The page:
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Climate Change Threatens Potato Chip Production, Global Food Storage

Climate Change Threatens Potato Chip Production, Global Food Storage
The most popular type of Michigan potato is the round white, used as a fresh market potato and for chips. Randy Schaetzl, professor of geography at Michigan State University

Climate change poses significant dangers to global food supplies as rising temperatures make storage more difficult, The Associated Press reports.

Food around the world is stored outside after harvest, before processing, but rising temperatures and other altered weather patterns threaten to drive prices higher as more food is lost and producers are forced to install costly equipment to protect food stores.

Rising temperatures will make it easier for insects and mold to destroy grain stores in Sub-Saharan Africa, and in Mecosta, Michigan, Brian Sackett was forced to spend $125,000 on a new refrigeration unit to protect what will become potato chips. Michigan potato farmers have long been able to rely on fans and cool air from the September harvest to late spring to keep their potatoes fresh. But the annual period in which outdoor air in the region is cool enough to store potatoes will likely drop by as much as 17 days in the next 30 years. "Our good, fresh, cool air is getting less all the time, it seems like," Sackett said.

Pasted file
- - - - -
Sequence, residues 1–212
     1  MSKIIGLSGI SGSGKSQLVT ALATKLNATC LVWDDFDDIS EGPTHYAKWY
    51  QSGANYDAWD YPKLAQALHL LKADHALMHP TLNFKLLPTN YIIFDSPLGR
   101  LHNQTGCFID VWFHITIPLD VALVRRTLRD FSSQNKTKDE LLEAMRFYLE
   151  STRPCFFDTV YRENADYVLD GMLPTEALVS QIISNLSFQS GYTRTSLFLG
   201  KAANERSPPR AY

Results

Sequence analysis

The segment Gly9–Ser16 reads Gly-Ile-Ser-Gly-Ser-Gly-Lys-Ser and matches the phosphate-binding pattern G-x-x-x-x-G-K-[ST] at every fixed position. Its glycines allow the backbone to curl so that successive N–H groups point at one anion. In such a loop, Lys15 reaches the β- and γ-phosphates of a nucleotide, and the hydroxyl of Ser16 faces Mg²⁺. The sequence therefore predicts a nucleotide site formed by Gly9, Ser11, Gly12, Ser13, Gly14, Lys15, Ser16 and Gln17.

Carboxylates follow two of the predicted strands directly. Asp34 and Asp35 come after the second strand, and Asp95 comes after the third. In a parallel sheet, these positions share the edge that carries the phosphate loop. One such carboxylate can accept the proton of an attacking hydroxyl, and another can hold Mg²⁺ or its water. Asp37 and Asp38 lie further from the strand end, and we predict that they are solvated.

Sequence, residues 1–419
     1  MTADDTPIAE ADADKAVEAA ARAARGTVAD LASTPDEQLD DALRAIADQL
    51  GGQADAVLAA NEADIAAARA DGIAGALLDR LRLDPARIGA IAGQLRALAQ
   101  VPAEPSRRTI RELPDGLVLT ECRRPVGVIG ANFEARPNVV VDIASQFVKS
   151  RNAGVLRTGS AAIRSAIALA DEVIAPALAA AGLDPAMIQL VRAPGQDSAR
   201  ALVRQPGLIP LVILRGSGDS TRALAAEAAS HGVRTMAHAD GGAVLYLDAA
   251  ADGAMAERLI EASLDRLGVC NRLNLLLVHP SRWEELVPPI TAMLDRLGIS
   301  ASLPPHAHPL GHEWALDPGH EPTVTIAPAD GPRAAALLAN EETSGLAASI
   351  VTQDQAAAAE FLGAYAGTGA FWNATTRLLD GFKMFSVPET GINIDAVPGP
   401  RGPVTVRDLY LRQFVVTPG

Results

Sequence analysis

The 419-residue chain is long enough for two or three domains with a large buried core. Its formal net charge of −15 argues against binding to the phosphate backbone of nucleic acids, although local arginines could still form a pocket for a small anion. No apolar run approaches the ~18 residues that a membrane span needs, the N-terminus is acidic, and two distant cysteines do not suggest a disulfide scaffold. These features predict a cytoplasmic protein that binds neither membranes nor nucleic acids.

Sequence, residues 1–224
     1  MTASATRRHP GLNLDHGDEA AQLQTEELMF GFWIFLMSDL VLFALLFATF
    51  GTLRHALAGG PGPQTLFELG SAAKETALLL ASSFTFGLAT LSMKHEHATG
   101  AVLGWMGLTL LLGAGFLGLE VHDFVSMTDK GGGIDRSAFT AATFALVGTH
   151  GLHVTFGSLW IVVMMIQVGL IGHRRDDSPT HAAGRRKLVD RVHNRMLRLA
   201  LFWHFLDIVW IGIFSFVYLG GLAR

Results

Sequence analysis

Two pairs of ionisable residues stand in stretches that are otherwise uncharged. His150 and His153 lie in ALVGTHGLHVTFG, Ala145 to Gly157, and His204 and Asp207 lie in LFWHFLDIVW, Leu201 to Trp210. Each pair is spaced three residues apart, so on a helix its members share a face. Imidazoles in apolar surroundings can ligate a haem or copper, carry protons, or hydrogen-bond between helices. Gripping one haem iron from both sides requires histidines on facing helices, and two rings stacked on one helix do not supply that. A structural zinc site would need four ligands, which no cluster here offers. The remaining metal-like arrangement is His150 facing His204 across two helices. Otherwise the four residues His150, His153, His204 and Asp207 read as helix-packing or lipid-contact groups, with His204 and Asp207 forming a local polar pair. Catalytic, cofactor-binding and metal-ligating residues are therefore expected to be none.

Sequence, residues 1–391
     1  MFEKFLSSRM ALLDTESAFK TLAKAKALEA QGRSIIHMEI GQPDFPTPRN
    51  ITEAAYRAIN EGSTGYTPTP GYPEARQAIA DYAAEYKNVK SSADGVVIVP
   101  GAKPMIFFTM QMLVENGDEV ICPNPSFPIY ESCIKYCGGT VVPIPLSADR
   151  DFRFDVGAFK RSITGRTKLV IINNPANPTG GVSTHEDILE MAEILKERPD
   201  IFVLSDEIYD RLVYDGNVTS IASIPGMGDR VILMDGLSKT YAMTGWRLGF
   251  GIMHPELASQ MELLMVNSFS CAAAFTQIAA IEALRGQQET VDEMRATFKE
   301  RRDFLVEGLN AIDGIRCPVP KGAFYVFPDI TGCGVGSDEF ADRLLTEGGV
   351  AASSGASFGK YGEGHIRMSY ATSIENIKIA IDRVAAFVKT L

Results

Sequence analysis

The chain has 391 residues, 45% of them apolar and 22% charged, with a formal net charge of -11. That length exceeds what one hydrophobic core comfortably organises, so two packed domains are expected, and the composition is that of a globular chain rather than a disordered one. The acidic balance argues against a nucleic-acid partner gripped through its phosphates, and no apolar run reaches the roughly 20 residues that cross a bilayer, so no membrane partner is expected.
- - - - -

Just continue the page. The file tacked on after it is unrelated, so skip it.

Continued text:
For a deeper dive:

The Associated Press; Climate Signals background: Air mass temperature increase, Atmospheric moisture increase

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